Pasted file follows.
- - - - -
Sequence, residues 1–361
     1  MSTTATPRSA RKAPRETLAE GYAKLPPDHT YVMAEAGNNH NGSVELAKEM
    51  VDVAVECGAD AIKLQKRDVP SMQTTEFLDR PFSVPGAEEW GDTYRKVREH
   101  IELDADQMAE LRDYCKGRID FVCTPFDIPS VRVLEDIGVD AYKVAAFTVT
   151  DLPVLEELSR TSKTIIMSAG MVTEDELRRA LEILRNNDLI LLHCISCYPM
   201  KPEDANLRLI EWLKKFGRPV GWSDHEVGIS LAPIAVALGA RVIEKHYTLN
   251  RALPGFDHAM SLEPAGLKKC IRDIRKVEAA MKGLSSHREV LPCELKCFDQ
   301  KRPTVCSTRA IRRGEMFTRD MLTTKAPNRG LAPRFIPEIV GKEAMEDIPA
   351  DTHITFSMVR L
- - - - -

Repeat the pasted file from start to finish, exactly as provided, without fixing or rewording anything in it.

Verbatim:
Sequence, residues 1–361
     1  MSTTATPRSA RKAPRETLAE GYAKLPPDHT YVMAEAGNNH NGSVELAKEM
    51  VDVAVECGAD AIKLQKRDVP SMQTTEFLDR PFSVPGAEEW GDTYRKVREH
   101  IELDADQMAE LRDYCKGRID FVCTPFDIPS VRVLEDIGVD AYKVAAFTVT
   151  DLPVLEELSR TSKTIIMSAG MVTEDELRRA LEILRNNDLI LLHCISCYPM
   201  KPEDANLRLI EWLKKFGRPV GWSDHEVGIS LAPIAVALGA RVIEKHYTLN
   251  RALPGFDHAM SLEPAGLKKC IRDIRKVEAA MKGLSSHREV LPCELKCFDQ
   301  KRPTVCSTRA IRRGEMFTRD MLTTKAPNRG LAPRFIPEIV GKEAMEDIPA
   351  DTHITFSMVR L